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English 104 Ethnography

English 104 Ethnography

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Published by Nicole Williams

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Published by: Nicole Williams on Jan 15, 2009
Copyright:Attribution Non-commercial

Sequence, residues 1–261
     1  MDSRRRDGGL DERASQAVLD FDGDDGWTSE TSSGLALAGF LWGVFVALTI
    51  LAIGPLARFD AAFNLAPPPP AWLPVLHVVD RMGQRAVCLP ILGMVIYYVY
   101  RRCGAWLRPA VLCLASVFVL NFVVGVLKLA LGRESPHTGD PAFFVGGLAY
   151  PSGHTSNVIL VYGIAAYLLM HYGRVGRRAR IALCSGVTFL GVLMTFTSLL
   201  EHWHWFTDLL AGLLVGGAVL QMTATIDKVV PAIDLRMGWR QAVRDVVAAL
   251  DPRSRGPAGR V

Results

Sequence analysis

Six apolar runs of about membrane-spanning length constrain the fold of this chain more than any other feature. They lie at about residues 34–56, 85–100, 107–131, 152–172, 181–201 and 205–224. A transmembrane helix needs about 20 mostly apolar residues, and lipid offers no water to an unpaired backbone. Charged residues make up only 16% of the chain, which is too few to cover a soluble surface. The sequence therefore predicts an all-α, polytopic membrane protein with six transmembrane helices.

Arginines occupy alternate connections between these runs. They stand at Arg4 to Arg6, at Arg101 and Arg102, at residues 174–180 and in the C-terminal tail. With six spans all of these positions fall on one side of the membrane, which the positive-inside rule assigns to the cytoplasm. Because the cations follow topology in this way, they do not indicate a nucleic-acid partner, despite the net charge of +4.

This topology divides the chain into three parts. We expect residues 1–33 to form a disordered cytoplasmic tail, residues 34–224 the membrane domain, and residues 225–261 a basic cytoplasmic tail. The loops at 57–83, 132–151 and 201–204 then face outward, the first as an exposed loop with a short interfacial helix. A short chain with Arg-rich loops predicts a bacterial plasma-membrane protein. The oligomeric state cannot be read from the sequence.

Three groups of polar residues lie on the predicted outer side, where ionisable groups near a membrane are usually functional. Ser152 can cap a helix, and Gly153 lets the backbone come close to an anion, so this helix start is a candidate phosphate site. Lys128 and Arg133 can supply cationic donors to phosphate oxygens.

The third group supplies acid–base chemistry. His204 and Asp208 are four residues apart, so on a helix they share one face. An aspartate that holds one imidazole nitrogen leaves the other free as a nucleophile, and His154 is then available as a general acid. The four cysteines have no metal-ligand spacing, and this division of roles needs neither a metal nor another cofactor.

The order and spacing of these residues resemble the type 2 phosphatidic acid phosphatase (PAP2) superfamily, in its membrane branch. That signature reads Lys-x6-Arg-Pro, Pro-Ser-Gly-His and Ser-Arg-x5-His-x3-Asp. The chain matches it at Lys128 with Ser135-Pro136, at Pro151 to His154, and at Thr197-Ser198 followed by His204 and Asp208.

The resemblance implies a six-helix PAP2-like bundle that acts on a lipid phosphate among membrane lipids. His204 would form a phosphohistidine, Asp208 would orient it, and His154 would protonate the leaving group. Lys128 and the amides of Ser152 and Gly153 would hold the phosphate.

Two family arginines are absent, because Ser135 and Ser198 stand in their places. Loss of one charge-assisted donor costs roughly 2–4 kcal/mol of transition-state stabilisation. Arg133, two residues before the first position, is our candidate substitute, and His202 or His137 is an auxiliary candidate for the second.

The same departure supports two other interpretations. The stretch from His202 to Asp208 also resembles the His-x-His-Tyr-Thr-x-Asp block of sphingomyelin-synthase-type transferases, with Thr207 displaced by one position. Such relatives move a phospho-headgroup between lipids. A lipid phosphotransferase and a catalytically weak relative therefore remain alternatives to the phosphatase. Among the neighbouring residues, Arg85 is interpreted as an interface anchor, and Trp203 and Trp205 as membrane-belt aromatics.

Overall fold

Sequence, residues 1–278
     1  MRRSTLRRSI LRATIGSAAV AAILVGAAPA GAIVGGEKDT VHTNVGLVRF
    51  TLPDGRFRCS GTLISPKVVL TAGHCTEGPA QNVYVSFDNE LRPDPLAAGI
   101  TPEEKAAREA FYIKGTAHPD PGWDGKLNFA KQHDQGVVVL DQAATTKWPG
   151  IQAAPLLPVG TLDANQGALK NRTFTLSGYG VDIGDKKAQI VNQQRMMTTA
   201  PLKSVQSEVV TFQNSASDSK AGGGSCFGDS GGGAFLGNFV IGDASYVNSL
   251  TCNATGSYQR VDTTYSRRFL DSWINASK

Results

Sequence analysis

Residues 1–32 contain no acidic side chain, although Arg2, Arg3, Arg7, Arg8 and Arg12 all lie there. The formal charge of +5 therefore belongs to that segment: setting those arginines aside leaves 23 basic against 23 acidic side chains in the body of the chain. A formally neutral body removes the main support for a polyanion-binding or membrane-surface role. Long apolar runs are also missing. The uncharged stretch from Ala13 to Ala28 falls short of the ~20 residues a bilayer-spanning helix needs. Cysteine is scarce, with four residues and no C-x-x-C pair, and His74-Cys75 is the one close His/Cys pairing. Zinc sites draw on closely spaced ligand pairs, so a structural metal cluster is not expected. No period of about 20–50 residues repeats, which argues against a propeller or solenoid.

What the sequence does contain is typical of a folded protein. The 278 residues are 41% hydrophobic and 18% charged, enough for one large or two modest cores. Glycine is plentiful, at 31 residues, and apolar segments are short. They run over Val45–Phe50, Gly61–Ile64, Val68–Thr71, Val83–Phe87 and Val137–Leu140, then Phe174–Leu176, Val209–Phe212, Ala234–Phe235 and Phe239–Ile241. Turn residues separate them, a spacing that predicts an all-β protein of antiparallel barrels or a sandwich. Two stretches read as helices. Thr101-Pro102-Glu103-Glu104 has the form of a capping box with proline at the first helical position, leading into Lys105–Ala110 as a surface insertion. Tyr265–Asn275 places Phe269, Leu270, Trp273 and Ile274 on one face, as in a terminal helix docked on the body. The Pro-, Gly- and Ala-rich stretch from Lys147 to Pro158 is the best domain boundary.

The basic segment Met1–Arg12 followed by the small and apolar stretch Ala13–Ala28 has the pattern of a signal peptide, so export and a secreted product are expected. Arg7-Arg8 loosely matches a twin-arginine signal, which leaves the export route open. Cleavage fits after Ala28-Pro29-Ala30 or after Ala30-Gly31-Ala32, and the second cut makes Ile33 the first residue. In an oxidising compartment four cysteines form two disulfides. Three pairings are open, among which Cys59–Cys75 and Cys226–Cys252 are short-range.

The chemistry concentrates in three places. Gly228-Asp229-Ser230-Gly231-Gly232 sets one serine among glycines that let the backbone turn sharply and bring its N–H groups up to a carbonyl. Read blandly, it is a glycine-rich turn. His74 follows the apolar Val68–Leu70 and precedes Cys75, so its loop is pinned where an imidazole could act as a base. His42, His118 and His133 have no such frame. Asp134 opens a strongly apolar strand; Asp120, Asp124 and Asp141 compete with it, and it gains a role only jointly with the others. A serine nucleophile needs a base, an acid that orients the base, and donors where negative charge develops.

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 You may be wondering what an ethnography is. Ethnography is a term borrowed fromanthropology . In ethnographic research, anthropologists go into a culture or a sub-group of a culture to try to figure out what makes that culture- what definingcharacteristics, what stories, what artifacts, what places and people and things, what words, what customs define the uniqueness of a particular group of people. Culturalanthropologists choose a particular group or place to study. They might want to study street gangs. Or they might want to study native culture in the Australian Bush. Or they might want to study NASCAR culture. There is really no limit to the kinds of groups/cultures that cultural anthropologists are interested in understanding.Having picked his or her group, the ethnographer becomes something called a“participant observer.” This is the main way that an ethnographer gathers informationabout his or her culture: he watches it, pays good attention, takes very good and detailednotes. She listens in on conversations. She interviews people. He pays attention to whatpeople are wearing and eating and doing and saying. He collects artifacts. He observesrituals and customs. And he or she takes very good notes (this is most crucial). Fromthose good notes, the ethnographer finally writes that story, figures out what makes thatculture. As an ethnographer you use your notes and data as evidence to prove a thesisabout your observations.This kind of research is different than the traditional research paper you would writefor, say, a history class. This is inductive not deductive reasoning at work here. You go in just looking to see what you can see. And after you have gathered your information youread your data. It is at the end of data collection that an ethnographer tries to figure out what it all means, tries to figure out the answer to his or her question: what makes thatculture a culture? What is the story of that group?This is not easy to do. I will say that up front. You should not think it is easy. It’s hard togo in not thinking you know all the answers already. That is why this project is going to be broken down into multiple parts throughout the semester and will culminate in onefinal large paper. Why do this kind of work in a writing class about writing andinformation? Ethnography is, I believe, all about careful reading, thoughtful analysisand criticism, and writing that is responsible to the world it is going to be a part of. All of that is exactly what a writing class should teach you. You will write your paper in four parts. Each part will include a workshop draft, reviseddraft for me to comment on, and a final revised draft in your portfolio. Each short paper will ask you to complete some part of all the things that make an ethnography anethnography. You will get feedback from me and your classmates. At the end of thesemester you will use the four essays to compose one final piece for your final portfolio.The site you choose to observe and write your ethnography on is up to you. However Ihave two stipulations: First, you can not already be part of the culture and second, it

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